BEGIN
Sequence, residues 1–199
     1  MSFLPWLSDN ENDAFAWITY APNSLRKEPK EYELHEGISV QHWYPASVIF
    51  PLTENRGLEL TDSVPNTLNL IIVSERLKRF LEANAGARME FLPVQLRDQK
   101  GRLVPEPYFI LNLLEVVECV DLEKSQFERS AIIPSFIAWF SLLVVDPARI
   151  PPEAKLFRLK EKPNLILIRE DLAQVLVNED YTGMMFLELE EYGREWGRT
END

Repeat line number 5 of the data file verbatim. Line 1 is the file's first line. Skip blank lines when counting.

   151  PPEAKLFRLK EKPNLILIRE DLAQVLVNED YTGMMFLELE EYGREWGRT